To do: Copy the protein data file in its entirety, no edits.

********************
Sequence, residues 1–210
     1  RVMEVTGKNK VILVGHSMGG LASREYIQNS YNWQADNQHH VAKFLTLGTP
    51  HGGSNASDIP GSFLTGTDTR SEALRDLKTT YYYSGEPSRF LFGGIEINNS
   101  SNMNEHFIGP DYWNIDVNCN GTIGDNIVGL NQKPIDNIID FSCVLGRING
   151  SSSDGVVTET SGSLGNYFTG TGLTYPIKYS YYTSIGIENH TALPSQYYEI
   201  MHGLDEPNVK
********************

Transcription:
Sequence, residues 1–210
     1  RVMEVTGKNK VILVGHSMGG LASREYIQNS YNWQADNQHH VAKFLTLGTP
    51  HGGSNASDIP GSFLTGTDTR SEALRDLKTT YYYSGEPSRF LFGGIEINNS
   101  SNMNEHFIGP DYWNIDVNCN GTIGDNIVGL NQKPIDNIID FSCVLGRING
   151  SSSDGVVTET SGSLGNYFTG TGLTYPIKYS YYTSIGIENH TALPSQYYEI
   201  MHGLDEPNVK